Brazil Battles Cost of Coronavirus Crisis
If a week is a long time in politics, a few months is a long time in global pandemics. This is especially the case for Brazil, which having gone through an economic and political rollercoaster over the last few years – corruption scandals, presidential impeachment and its greatest-ever recession – seemed to be finally turning the corner.
When President Jair Bolsonaro´s administration entered power last year, the signs were good. Respected Finance Minister, Paulo Guedes, who promised pro-market policies and structural reforms, scored some early wins. GDP growth in 2019 was 1.1%, inflation and interest rates were at historic lows while the stockmarket hit record highs, growing 32%. Brazil was also the world’s fourth-largest destination for foreign direct investment and M&A activity grew.
However, as 2019 turned into 2020, the Covid-19 hurricane hit. As Nassim Taleb put it: “fragility is the quality of things that are vulnerable to volatility”. When the WHO officially called it a global pandemic on the 12th of March, Brazil had officially confirmed only 71 cases. But with lockdowns and social distancing measures announced by local and state governments, jitters transformed into concerns about the impact of the Covid-19 and the underlying strength of the Brazilian economy. By the end of March, with more than 5,700 cases confirmed and 201 fatalities, the real was at record lows to the dollar, and the country’s main stockmarket index, the Ibovespa, had fallen 37% since the start of the year.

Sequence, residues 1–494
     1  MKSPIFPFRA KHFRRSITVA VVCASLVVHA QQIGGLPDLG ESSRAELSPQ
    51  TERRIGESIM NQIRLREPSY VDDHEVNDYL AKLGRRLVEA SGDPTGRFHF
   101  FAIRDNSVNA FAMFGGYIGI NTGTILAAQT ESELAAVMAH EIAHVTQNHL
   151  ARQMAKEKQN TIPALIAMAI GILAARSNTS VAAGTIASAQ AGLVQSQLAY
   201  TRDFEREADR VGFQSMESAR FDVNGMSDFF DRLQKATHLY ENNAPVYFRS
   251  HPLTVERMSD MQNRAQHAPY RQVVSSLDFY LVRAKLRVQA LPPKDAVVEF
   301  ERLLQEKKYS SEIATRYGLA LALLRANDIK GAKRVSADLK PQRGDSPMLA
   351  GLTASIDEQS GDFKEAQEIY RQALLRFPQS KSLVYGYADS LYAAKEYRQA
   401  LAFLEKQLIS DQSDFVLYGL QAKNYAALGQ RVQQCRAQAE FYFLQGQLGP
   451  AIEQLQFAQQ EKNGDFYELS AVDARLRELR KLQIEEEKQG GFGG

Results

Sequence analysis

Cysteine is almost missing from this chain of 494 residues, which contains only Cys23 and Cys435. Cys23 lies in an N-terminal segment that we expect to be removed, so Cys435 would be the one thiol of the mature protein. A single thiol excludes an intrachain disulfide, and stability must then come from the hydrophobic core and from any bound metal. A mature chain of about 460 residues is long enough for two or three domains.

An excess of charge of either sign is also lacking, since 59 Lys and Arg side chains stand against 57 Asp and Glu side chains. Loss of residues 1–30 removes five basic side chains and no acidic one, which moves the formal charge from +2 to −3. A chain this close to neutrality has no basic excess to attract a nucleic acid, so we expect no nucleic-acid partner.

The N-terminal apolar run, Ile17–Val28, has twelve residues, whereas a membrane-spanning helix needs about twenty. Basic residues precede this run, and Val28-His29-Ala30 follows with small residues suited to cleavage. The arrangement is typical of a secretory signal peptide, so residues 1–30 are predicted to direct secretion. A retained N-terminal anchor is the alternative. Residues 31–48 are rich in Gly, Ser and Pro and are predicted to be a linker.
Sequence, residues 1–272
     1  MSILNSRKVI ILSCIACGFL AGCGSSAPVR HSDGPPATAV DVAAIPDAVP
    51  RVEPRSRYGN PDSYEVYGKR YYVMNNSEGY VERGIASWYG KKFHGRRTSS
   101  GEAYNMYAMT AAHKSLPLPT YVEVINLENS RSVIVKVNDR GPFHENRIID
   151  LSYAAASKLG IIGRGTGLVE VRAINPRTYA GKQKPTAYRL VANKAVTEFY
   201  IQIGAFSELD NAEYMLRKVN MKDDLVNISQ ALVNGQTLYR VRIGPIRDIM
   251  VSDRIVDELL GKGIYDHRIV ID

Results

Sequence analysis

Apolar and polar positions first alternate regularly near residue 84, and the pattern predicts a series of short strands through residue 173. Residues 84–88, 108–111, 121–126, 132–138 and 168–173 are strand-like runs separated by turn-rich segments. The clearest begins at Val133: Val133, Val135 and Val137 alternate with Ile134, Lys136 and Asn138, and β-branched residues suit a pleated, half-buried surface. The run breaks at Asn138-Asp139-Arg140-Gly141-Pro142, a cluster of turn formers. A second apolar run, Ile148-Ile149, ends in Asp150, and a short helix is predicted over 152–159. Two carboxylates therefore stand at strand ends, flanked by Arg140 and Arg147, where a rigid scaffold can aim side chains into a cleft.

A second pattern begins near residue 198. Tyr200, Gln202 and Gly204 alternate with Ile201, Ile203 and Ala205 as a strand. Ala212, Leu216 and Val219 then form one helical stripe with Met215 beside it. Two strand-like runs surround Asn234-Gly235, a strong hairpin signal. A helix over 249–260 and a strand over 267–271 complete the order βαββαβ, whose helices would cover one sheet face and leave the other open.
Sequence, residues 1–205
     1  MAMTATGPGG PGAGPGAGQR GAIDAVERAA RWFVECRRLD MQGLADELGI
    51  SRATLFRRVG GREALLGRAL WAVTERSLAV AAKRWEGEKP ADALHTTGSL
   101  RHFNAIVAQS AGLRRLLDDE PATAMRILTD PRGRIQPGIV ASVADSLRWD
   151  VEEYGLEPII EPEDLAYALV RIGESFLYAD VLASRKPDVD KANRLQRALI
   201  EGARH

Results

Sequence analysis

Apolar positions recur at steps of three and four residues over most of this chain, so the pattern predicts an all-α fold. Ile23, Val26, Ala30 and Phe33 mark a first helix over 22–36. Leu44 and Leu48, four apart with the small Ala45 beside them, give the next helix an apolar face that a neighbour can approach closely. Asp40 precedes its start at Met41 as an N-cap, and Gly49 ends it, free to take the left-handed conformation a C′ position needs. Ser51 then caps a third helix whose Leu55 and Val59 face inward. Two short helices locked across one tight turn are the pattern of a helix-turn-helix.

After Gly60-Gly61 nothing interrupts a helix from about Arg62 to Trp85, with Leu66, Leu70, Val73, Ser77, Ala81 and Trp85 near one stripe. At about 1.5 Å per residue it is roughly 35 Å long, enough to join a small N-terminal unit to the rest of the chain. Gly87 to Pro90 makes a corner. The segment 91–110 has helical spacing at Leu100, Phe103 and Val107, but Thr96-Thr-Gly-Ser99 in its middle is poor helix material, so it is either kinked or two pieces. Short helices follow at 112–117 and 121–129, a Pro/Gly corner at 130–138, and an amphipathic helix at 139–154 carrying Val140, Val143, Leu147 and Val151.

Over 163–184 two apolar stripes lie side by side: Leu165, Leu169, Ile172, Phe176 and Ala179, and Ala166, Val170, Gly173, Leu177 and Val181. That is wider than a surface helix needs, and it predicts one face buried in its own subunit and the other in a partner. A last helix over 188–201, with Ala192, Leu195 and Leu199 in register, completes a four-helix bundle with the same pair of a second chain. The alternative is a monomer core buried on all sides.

For Guedes, Covid-19 was a “fleeting crisis, with a wave of impact which will also [subside] strongly”. He warned against suffocating the economy. Nonetheless, the federal government response escalated as the dual health and economic challenges became clearer. With the Senate passing the so-called ‘War Budget’, the government had more room for manoeuvre, allowing coronavirus-related spending to bypass constitutional spending limits.
Powerful economic response